was a star performer. These days, however, he was an angry performer.
Snapping at colleagues, losing his cool. When he turned in a self-assessment
that was strangely self-critical, that too on trivial points, the
company suggested a session with a counselor. And it was here that
Dr Achal Bhagat, organisational analyst and psychiatrist, diagnosed
Tarun's inability to handle stress-which was making him mad at himself.
Having tackled his problem, Tarun now heads the company.
That's not an isolated case. Neither are cases
of depression and paranoia, anymore, in Corporate India. What's
rare is the recognition that such problems require professional
help-and this calls for lifting the giant shroud of secrecy that
keeps it all covered up, as if there's something deep , dark and
shameful about it.
It's estimated that 80 per cent of the people
in Indian metros are working folk, and over half the problems they
go to physicians for are in some way linked to stress. Meanwhile,
modern times are getting tough, traditional safety valves are losing
their efficacy, and executives in their 30s have started dying of
heart attacks. If there's shame, it's in the machismo of pretending
that everyone's fine, that 'having one's head examined' is a step
towards the loony bin, and that help is for sissies.
In the observation of Ali Abbas, Country Manager
(HR), AT&T, people remain reluctant to go beyond the support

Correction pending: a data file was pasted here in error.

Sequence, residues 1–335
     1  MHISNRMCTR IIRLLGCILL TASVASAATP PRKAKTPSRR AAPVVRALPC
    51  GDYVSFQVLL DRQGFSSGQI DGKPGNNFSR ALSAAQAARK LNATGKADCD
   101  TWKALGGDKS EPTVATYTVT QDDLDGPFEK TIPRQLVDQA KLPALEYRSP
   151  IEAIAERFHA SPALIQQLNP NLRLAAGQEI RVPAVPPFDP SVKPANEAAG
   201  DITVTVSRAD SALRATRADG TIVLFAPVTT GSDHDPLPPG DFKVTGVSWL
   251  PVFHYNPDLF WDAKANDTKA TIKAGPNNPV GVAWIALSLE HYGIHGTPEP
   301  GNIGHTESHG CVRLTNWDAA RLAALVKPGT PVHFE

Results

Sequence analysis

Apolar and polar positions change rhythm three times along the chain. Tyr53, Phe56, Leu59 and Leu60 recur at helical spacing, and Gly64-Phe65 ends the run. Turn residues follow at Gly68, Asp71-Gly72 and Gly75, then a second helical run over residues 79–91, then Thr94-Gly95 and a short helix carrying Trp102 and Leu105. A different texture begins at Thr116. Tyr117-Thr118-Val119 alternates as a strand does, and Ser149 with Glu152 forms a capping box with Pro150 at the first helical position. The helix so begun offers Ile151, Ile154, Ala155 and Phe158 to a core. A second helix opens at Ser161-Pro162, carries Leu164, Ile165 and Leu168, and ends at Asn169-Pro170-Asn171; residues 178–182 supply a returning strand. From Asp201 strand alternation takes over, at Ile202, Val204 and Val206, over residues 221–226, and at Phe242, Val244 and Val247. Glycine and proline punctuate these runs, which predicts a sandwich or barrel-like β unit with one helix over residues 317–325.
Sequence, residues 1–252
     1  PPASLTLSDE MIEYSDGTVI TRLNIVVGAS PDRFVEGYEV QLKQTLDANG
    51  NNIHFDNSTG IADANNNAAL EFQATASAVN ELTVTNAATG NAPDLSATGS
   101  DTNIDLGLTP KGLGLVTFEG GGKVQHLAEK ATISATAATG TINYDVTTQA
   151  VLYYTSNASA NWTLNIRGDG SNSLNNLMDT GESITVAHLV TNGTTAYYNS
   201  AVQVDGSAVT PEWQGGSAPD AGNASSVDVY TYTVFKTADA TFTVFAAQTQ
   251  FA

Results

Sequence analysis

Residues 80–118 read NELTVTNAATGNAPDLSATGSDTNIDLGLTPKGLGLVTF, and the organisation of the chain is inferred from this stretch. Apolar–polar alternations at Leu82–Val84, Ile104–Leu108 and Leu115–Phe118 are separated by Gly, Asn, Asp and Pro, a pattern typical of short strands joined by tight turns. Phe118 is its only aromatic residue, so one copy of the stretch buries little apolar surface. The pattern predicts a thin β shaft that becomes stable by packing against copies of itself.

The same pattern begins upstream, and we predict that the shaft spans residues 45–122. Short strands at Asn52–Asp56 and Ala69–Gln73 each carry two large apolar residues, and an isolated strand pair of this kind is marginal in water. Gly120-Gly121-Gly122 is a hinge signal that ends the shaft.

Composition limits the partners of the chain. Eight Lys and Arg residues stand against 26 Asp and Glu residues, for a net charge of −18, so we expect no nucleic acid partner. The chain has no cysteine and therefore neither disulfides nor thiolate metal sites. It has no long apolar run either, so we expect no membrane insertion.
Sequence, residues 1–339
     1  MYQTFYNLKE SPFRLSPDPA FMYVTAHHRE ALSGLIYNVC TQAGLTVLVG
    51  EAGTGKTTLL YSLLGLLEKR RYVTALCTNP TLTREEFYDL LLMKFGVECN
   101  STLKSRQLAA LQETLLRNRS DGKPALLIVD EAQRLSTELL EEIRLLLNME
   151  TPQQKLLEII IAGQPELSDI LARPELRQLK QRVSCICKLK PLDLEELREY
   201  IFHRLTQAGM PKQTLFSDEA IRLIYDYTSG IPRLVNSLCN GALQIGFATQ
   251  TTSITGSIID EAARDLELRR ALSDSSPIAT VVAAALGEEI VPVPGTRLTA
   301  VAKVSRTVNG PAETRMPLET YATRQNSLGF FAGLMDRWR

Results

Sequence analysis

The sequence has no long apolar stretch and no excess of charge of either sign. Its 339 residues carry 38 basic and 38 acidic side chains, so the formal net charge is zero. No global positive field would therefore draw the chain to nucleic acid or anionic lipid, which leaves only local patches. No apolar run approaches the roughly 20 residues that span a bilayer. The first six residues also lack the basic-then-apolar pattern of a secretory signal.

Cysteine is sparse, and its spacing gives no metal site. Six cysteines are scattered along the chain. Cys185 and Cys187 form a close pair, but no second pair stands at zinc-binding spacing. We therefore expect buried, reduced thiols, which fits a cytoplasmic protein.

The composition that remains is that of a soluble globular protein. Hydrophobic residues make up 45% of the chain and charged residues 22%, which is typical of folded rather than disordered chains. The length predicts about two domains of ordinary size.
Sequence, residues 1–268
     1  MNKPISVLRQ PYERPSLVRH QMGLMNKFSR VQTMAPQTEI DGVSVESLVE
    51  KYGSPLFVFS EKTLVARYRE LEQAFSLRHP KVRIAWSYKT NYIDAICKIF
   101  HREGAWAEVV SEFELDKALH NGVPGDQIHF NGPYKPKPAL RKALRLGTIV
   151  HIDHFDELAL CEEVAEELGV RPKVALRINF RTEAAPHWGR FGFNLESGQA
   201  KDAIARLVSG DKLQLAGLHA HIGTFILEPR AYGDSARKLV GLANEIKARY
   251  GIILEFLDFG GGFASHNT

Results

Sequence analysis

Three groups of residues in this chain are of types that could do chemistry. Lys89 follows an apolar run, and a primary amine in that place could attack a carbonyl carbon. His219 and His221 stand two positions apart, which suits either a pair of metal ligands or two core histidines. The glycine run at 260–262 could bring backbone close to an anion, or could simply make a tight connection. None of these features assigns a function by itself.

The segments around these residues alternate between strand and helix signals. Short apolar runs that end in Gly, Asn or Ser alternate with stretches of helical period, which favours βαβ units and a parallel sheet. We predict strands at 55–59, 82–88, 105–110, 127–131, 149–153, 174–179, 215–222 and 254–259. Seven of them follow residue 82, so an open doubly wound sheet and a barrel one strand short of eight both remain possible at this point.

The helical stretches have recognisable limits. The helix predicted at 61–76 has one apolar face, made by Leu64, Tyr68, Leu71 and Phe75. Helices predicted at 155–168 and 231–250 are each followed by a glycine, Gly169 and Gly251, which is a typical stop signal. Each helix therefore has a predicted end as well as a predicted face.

system of family and friends, who may not be qualified to deal with
the problem. Yet, such issues remain taboo in the corporate culture
of many Indian firms. "This is most unfortunate," says
Dr Sanjay Chugh, senior consultant psychiatrist. "They don't
even understand stress or what it is doing to the organisation,"
Treated with medication. There are two groups of anti-depressants-SSRI
and TCA. Examples include Sertraline and Fluoxetine. Psychotherapy,
in particular CBT (cognitive behavior therapy), is also useful.
Treated with psychotherapy and supportive medical management
to control withdrawal symptoms and ensure the person stays
Obsessive compulsive disorder (OCD)
Treated with medication. SSRIs such as Paroxetine
and Fluvoxamine are specifically for this. Psychotherapy,
especially behavioral therapy, can help too.
For some, handling these things is what the
hr department is paid for. So why hire anybody else? True, this
department needs to be intimately involved, but the best hr managers
also realise that there is a need sometimes for specialised doctors
(to correct chemical imbalances in the brain)-or external psychotherapists
(who operate through talk-sessions rather than Rx prescriptions)
to whom executives can open up without the fear of becoming the
subject of coffee-time gossip.
According to Bhagat, most executives are desperate
to talk. Their only concern is confidentiality- that is assured,
since psychiatrists are aware that they're paid to help people,
not to be agents of corporations. Mature companies agree wholeheartedly.
"They provide a breath of fresh air," says P. Dwarakanath,
Director (HR), GlaxoSmithKline. "People may turn to water the
minute they step into a boardroom," adds Jayantika D. Burman,
Director (HR), Agilent Technologies, "They will feel far more
comfortable talking to an outsider."
Professionals are also able to offer the ''reassurance
of numbers''. As Bhagat says, only 2-5 per cent of people need medicine